Sustainability is fast becoming a focal point of telecom service providers’ agendas. While sustainability entails many themes from climate change to equality and diversity, it is topics pertaining to telcos’ environmental impact that is most often addressed by service provider sustainability strategies. The CO2 footprint of the telecom industry is roughly 2% of the global footprint—similar to that of the airline industry—while 80% of e-waste is discarded, burned, or illegally traded, with telecom and IT equipment being a major contributor. By addressing their own energy deficiencies and by enabling sustainable solutions in other industries and ways of living in general, telecom service providers have the potential to have an impact on up to 15% of global CO2 emissions. Digitalization in general and broadband, in particular, can contribute by cutting transportation, creating gains in productivity and efficiency, and boosting economic growth for companies, individuals, and society as a whole. Many telecom service providers worldwide now embed sustainability strategies into their everyday business decisions. Many are aiming to become carbon neutral by 2050, and major telcos have set out specific 2030 targets for emissions, waste, and the sharing of renewable energy, which not only reduces a company’s own carbon footprint but enables customers and other industries to become more climate positive. Adopting an efficient sustainability strategy has major benefits for service providers’ revenue growth and operational performance. Some of the key benefits include the following:
- Lowering or even eliminating their carbon footprint by decreasing energy consumption through more efficient operations and transitioning to renewable sources of energy, while cutting costs as a result
- Having a positive impact on other industries and customers, enabling them to reduce their own environmental impact and opening new revenue streams for service providers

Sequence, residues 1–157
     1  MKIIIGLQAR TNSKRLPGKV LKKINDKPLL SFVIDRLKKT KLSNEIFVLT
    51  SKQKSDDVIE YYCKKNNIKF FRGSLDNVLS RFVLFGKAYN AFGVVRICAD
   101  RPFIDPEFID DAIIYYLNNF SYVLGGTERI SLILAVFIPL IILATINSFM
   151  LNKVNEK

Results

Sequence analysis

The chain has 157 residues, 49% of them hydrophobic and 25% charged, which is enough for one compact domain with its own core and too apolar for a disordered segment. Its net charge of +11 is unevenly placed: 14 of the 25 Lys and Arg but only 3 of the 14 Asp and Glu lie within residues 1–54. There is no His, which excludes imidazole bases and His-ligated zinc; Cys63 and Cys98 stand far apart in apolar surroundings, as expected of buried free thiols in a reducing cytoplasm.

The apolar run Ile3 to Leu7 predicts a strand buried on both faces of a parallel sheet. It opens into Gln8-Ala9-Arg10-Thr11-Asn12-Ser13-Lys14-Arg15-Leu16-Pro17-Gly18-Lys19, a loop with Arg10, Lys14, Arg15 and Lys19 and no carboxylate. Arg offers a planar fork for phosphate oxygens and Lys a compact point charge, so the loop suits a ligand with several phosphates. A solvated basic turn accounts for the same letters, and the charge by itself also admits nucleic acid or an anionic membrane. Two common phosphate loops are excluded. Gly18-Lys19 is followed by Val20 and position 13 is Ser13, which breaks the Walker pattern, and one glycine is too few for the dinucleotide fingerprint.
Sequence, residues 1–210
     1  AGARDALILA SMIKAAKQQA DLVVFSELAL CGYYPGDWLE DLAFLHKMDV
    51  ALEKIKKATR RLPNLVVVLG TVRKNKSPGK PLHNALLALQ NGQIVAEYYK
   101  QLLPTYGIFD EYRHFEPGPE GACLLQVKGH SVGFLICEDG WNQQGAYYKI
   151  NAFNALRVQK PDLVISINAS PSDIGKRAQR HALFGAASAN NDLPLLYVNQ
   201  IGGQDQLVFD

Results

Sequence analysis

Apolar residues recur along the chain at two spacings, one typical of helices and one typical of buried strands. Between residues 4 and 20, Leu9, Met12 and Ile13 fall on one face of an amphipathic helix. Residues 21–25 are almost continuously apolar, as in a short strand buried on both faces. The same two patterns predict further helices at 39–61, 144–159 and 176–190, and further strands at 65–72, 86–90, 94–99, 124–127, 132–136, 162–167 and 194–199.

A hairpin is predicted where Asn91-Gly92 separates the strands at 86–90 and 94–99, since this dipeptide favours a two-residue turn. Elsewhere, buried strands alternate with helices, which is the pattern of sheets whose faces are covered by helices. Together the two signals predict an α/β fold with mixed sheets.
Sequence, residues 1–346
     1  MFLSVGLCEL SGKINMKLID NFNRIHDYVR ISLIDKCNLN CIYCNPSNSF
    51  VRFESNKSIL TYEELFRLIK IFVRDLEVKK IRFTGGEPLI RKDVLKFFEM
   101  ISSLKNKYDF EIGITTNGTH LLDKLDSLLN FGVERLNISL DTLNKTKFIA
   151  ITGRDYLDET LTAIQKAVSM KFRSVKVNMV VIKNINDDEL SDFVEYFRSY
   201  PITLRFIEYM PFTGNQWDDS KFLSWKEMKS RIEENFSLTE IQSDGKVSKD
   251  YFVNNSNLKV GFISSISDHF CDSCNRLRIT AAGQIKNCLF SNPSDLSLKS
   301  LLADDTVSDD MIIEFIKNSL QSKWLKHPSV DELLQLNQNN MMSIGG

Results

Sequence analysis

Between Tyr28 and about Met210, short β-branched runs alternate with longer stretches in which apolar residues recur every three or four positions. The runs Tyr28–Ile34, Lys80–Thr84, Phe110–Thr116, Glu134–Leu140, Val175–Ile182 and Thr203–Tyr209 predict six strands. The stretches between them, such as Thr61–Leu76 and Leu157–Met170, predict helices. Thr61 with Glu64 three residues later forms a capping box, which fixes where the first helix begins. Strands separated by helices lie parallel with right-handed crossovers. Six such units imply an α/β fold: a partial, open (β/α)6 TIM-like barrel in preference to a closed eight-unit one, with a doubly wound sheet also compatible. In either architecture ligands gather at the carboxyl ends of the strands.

- Reputational benefits among consumers and business customers, leading to enhanced customer loyalty and long-lasting customer engagement as a recognition of a strong sustainability track record
- New business opportunities in areas that would previously not be available to telecom service providers such as venturing into renewable energy provision (e.g., teaming up with or investing in utility providers or even becoming utility providers themselves)
- Get serious and invested. Telecom service providers should not treat sustainability merely as a box-ticking exercise. Instead, they need to recognize it as a positive cost-saving and revenue-generating opportunity, embedding sustainability principles and policies at the core of their company values and culture.
- Be ambitious. Progressive, actionable targets are an essential component of a successful sustainability strategy that is rewarded by customers as well as investors, which are increasingly evaluating their investment decisions against companies’ environmental policies and targets.
- Be specific. Service providers need to carefully evaluate their individual conditions and set targets that reflect them. For example, there will be a different emissions baseline for an operator with a full-fiber network than for a service provider that is beginning to transition from a legacy copper network to fiber to the home (FTTH). The value case and potential value generation of sustainability targets will depend on the specifics of each company’s market conditions, operations, and infrastructure.
- Avoid greenwashing. Companies that set policies and targets that do only the bare minimum, set goals that are too modest or too far into the future, and use deceptive marketing to make themselves look environmentally friendly will lose in the long run. Consumers and investors are becoming more discerning and increasingly more knowledgeable. They will see through greenwashing attempts and take their business or investment elsewhere.
- Team up. In our interconnected world, it takes a team effort to deliver on sustainability targets. Service providers cannot achieve zero emissions and zero waste on their own, and they need to look for ways to team up with suppliers, customers, and investors to collaborate, co-innovate, and incentivize to bring about change. These can include alliances and coinvestment in renewable energy, teaming up with customers and incentivizing them to reduce e-waste and migrate to renewable energy, cocreating strategic roadmaps with vendors and other suppliers to decarbonize the supply chain, and finding new financial sources (such as green finance investments or green bonds) to fund the transformation.
- Make reporting mandatory and standardized. While many service providers have been active in developing sustainable strategies and practices, these are often isolated initiatives. The creation of a universal framework with standardized targets aimed specifically at telecom service providers would benefit the telecom industry. Mandatory reporting would speed up the adoption of sustainability strategies and expand and expedite the positive impact of these policies on the global environment.
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